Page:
South Africa's drug regulator has rejected Russian's Sputnik V vaccine against COVID-19, citing safety concerns that the manufacturer wasn't able to address.
The South African Health Products Regulatory Authority (SAHPRA) said in a statement that the request for Sputnik V to be authorized could “not be approved at this time.”
The statement on October 18 referred to past failed HIV vaccines that used a technology similar to that used to produce Sputnik V. But the review process continues, the regulator said, adding that it is still open to receiving further safety data from the Russian manufacturer.
Peer-reviewed results of a study published earlier this year in the medical journal The Lancet showed Sputnik V to be safe and 91.6 percent effective in preventing people from becoming severely ill with COVID-19. The shot has been given the green light in more than 70 countries, and to date no significant safety problems have been identified.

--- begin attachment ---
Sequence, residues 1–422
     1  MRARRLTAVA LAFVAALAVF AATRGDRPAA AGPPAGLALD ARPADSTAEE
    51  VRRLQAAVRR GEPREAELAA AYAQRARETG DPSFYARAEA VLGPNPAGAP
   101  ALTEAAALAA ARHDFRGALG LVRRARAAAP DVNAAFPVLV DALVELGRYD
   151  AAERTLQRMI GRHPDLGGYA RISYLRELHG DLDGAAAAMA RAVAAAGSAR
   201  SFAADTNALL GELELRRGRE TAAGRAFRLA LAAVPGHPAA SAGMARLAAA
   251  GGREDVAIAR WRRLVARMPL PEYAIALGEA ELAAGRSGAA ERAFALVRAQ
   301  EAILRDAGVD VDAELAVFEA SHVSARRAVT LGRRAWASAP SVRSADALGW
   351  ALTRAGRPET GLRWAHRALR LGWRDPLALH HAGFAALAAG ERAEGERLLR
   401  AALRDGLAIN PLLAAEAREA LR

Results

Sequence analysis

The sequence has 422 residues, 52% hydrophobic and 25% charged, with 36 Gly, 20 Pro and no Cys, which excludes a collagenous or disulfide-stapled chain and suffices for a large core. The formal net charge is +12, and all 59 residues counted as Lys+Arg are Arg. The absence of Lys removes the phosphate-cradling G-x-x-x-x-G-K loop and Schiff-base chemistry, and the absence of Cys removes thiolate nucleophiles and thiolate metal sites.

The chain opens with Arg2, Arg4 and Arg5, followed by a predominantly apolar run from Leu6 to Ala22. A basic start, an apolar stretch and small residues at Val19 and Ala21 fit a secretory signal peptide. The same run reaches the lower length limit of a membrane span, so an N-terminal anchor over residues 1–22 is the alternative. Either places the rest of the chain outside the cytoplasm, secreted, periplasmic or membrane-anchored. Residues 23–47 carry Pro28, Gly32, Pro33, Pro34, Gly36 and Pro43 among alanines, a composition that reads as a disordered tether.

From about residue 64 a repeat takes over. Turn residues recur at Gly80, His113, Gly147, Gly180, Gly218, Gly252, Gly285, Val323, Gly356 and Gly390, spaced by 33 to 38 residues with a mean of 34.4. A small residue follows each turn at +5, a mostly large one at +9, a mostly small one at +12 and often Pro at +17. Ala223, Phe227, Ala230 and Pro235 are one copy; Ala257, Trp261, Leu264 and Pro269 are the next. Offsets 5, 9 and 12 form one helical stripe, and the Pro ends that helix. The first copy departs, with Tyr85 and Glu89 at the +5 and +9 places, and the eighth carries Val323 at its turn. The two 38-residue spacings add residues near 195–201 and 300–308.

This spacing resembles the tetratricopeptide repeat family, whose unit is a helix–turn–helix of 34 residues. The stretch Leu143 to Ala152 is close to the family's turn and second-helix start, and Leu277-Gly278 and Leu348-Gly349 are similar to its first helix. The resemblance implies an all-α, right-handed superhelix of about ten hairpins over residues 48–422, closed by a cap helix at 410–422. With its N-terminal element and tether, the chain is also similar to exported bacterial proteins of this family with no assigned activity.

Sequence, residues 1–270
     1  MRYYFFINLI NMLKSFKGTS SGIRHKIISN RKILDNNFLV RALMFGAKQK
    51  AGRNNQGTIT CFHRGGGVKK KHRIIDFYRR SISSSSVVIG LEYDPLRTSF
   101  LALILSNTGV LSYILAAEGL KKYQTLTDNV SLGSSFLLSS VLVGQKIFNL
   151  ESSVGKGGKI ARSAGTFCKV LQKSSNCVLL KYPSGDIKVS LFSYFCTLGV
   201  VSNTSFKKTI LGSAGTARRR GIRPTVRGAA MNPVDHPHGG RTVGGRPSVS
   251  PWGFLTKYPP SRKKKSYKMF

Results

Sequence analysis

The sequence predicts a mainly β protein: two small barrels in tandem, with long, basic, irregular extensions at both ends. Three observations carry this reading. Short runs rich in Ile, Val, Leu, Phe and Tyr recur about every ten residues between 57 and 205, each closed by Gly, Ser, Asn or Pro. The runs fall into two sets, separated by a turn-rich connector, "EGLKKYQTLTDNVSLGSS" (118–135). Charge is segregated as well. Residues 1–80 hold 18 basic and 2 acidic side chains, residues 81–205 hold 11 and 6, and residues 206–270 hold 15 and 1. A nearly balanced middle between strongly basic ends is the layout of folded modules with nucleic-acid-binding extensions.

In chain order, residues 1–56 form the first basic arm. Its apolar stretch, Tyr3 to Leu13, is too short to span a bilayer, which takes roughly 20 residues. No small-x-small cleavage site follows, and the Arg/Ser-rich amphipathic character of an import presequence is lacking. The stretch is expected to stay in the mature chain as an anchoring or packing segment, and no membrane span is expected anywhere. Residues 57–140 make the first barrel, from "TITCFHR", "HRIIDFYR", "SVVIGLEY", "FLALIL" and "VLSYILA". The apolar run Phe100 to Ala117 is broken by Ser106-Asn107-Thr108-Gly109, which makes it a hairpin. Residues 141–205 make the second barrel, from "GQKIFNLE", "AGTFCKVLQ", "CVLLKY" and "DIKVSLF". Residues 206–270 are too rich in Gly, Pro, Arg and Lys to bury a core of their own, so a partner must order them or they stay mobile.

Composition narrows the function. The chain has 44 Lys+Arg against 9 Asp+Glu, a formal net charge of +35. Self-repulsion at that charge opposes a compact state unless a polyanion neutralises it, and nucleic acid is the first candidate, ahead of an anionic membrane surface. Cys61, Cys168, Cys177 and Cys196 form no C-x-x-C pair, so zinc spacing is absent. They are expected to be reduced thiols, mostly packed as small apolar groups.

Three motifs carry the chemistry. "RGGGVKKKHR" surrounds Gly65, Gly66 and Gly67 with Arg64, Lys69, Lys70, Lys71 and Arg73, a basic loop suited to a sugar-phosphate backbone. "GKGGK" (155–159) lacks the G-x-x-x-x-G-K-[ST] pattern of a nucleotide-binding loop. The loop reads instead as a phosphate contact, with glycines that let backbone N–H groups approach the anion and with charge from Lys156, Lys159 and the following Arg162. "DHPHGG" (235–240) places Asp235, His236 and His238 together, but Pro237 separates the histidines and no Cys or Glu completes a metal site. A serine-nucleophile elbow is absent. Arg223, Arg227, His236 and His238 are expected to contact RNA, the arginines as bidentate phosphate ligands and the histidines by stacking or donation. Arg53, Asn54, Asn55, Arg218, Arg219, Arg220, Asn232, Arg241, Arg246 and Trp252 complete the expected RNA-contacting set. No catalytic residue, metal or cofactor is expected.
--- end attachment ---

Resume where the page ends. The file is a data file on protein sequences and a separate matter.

Sputnik V uses two types of harmless viruses known as adenoviruses to carry the spike protein into the body, which then primes the immune system to produce antibodies against COVID-19. SAHPRA said concerns have been raised about the safety of Adenovirus Type 5, the specific harmless virus used in one of the Sputnik V doses. The other dose contains Adenovirus Type 26, which is also used by Johnson & Johnson.
South African officials pointed to two failed research studies testing an HIV vaccine that also uses Adenovirus Type 5, which found men who were vaccinated had a higher risk of being infected with HIV.
The regulators said they had asked the Russian makers of Sputnik V to provide data proving the vaccine's safety in a country with high rates of HIV but that "the applicant was not able to adequately address (their) request."
The Gamaleya Center, Sputnik V's manufacturer, called the concerns about the vaccine “completely unfounded.” It said speculation about the link between Adenovirus Type 5 and HIV transmission in high-risk populations was based on “small-scale inconclusive studies among volunteers with highly probable risky behavior.”